Git provides an interface to run some code as reaction on specific triggers. Those triggers are called githooks (hooks used by git). You can run code on every commit, push, pull or other actions.
Hooks are programs you can place in a hooks directory to trigger actions at certain points in git’s execution.
You can check out the whole list on git documentation page.
It might be quite cumbersome to manage githooks and make them available for the whole team.
Luckily there is a tool called Husky that provides nice interface to manage githooks.
To start using Husky you need to install it as def dependency first:
npm install husky --save-dev
Then you need to add husky configuration section to
"pre-push": "npm test",
In this config specify that we want to run
npm test before every
push to remote repo.
Alternatively you can specify your settings in
"pre-commit": "npm test"
Husky supports all Git hooks except server side hooks (
applypatch-msg - This hook is invoked by
git-am. It takes a single parameter, the name of the file that holds the proposed commit log message. Exiting with a non-zero status causes git am to abort before applying the patch.
pre-applypatch - This hook is invoked by
git-am. It takes no parameter, and is invoked after the patch is applied, but before a commit is made.
post-applypatch - This hook is invoked by
git-am. It takes no parameter, and is invoked after the patch is applied and a commit is made.
pre-commit - This hook is invoked by
git-commit, and can be bypassed with the
--no-verify option. It takes no parameters, and is invoked before obtaining the proposed commit log message and making a commit.
prepare-commit-msg - This hook is invoked by
git-commit right after preparing the default log message, and before the editor is started.
commit-msg - This hook is invoked by
git-merge, and can be bypassed with the
--no-verify option. It takes a single parameter, the name of the file that holds the proposed commit log message.
post-commit - This hook is invoked by
git-commit. It takes no parameters, and is invoked after a commit is made.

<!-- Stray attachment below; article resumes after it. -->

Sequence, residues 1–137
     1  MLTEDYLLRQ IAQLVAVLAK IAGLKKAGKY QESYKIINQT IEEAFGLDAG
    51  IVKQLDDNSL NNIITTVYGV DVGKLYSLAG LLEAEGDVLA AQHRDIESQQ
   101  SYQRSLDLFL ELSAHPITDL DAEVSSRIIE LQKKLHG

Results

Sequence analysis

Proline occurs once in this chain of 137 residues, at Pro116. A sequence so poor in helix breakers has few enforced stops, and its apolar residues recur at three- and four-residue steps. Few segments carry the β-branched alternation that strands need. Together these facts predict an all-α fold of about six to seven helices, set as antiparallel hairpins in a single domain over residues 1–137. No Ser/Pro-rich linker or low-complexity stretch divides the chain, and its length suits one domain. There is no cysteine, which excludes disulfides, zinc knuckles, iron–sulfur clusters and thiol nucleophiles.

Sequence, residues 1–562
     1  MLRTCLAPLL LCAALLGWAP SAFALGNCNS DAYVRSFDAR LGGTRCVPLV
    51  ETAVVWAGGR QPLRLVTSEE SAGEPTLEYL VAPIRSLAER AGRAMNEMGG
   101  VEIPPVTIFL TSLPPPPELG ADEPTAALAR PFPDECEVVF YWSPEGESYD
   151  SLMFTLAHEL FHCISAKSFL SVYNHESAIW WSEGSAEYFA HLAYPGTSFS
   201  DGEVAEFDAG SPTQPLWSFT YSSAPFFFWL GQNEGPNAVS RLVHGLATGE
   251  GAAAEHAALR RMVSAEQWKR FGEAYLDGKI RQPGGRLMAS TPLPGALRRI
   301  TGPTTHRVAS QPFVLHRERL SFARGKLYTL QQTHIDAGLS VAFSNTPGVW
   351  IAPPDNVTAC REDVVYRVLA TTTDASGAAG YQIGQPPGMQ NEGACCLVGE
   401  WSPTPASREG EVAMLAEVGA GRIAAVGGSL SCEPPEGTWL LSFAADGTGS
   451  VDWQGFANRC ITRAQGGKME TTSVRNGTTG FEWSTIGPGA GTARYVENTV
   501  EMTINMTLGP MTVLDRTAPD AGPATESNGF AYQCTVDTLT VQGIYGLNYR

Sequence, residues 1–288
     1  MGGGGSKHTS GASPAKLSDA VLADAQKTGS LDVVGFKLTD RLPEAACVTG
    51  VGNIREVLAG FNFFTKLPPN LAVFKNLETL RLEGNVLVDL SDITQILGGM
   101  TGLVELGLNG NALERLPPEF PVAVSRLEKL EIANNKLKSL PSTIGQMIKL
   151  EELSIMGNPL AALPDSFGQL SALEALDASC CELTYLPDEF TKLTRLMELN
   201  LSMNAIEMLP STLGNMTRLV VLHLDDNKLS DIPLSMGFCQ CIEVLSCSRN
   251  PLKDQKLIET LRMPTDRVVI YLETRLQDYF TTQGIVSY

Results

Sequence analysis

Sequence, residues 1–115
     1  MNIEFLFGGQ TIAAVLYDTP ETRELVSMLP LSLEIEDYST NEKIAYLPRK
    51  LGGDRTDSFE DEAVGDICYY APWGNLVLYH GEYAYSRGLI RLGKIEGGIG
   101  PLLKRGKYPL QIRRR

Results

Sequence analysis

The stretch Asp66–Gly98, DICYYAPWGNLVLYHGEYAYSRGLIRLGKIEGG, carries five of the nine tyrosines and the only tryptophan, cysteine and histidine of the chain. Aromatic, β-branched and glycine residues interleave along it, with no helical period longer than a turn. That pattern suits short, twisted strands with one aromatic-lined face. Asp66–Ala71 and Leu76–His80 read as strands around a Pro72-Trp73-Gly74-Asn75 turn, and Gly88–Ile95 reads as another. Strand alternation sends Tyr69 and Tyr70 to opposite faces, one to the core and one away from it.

pre-rebase - This hook is called by
git-rebase and can be used to prevent a branch from getting rebased.
post-checkout - This hook is invoked when a
git-checkout is run after having updated the worktree.
post-merge - This hook is invoked by git-merge, which happens when a git pull is done on a local repository.
pre-push - This hook is called by
git-push and can be used to prevent a push from taking place.
pre-auto-gc This hook is invoked by
git gc --auto.
git-gc runs a number of housekeeping tasks within the current repository, such as compressing file revisions (to reduce disk space and increase performance), removing unreachable objects which may have been created from prior invocations of git add, packing refs, pruning reflog, rerere metadata or stale working trees.
post-rewrite - This hook is invoked by commands that rewrite commits (
git-commit when called with
There are other less popular hooks, you can check them in git documentation
Access Git params and stdin
Git hooks can access parameters via command-line arguments and stdin.
Husky makes them accessible via
HUSKY_GIT_STDIN environment variables.
"commit-msg": "echo $HUSKY_GIT_PARAMS"
Using In Monorepos
If you have a multi-package repository, it’s recommended to use tools like [lerna] and have husky installed ONLY in the root
package.json to act as the source of truth.
Running Multiple Commands
By design, husky will run hook scripts as a single command. Just like scripts defined in
package.json are run.
"pre-commit": "cmd && cmd && cmd"